Many people who suffer a serious workplace accident as a result of the negligence of their employer want to sue for their employers in court for different types of damages, and workers frequently ask us if they can do so. However, the workers’ compensation system in Ontario limits most workers to seeking compensation through this scheme and prohibits them from suing in court. Why is this the case?
The workers’ compensation system in Ontario, administered through the Workplace Safety and Insurance Board (WSIB), is a system referred to as “no-fault” system. This means that workers do not have to show their injury was caused by any fault of the employer and can obtain benefits even if the accident was caused by their own fault. In this system, workers give up their right to sue for damages in court in return for access to benefits on a no-fault basis through the workers’ compensation insurance plan. This “trade-off” is meant to give workers easier access to compensation for losses caused by their workplace injury but removes their right to sue, even when those injuries were caused by an employer’s negligence or violation of occupational health and safety laws.
Prior to workers’ compensation schemes, workers had to sue in court for compensation for workplace injuries. Winning a civil lawsuit in these circumstances necessarily involves proving that your employer committed some kind of legal fault – often negligence. Employers also had three main defences, known as the “unholy trinity”. First, if the injured worker was partly responsible for the accident, the compensation was reduced because of the worker’s “contributory negligence.” Second, under the “fellow servant” rule, employers were not held liable if the worker’s injuries resulted from the actions of another employee. Finally, the doctrine of “assumption of risk” presumed that employees knew of and accepted the risks of their employment upon hiring, and therefore were not eligible for compensation for their injuries.
These elements made compensation very difficult to obtain. Major reform was necessary and resulted in the creation of the provincial workers’ compensation boards.
In Ontario the majority of workers are employed by employers insured under a collective liability scheme known as “Schedule 1”. These workers are generally prohibited from suing their own employer for workplace injuries or from suing other employees, directors and officers of their employer. They are also prohibited from suing other employers participating in Schedule 1 or employees, directors and officers of those other employers.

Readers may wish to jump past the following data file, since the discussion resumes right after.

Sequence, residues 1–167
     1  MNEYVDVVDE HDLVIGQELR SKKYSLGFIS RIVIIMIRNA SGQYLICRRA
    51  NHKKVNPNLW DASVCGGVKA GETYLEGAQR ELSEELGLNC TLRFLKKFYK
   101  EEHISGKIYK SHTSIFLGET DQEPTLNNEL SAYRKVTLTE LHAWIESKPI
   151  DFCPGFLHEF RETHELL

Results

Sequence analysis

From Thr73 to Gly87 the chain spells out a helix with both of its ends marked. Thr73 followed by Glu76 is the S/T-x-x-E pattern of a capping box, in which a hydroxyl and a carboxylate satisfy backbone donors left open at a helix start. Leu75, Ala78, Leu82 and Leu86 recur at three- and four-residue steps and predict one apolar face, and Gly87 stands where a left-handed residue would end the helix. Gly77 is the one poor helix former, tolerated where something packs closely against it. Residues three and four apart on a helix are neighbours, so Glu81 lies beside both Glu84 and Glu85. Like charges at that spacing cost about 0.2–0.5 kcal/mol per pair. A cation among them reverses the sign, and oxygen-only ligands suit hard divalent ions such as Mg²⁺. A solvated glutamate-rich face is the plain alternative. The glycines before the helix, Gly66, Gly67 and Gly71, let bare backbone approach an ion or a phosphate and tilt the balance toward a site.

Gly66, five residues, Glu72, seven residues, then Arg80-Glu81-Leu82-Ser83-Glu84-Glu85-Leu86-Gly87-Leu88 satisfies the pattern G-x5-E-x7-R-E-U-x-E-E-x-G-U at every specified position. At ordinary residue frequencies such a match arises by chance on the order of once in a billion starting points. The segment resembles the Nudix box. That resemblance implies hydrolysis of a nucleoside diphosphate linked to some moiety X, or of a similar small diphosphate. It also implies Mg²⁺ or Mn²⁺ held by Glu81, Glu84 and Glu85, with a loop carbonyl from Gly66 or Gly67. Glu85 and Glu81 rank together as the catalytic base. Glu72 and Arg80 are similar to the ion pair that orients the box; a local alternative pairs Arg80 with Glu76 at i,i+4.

There are some limited exceptions. A worker can sue a “supplier”, which is a company that supplied a motor vehicle, machinery or equipment on a purchase or rental basis without also supplying workers, even if the supplier is a Schedule 1 employer. For instance, a worker injured by a negligently-designed piece of equipment rented by his employer can sue the manufacturer of that equipment, provided the manufacturer did not also send workers to the job site to operate the equipment.
Injured workers can also sue individuals that are not employees and companies that are not employers. For instance, a truck driver who is injured in the course of employment in a motor vehicle accident after colliding with another car would not be prevented from suing the other driver, assuming the driver was not in the course of their own employment at the time of the accident.
On these limited occasions where a worker has the option of suing in court, the worker must choose between commencing a lawsuit or claiming compensation from the WSIB. There are many complicated details of such an election which are not reviewed here.
Some workers in Ontario, mostly government employees, are employed under a different scheme known as “Schedule 2”. These workers are similarly prohibited from suing their own employer as well as other employees, directors and officers of their employer. However, they do not face the prohibition against suing other employers or employees, officers and directors of other employers.
Although suing in court might have, in theory, allowed injured workers to get larger damages awards and greater compensation overall than they can through a workers’ compensation scheme, suing can be complicated, costly, and very uncertain and risky. While Ontario’s WSIB system is far from perfect, it’s overall significantly simpler than a lawsuit and has allowed many more workers to obtain compensation for illnesses and injuries.
We are always happy to provide advice and representation for most workplace related matters, including WSIB claims and anything related to health and safety.
Thank you to Simone Truemner-Caron, our Ottawa office’s 2020-21 articling student, for her assistance in the preparation of this post.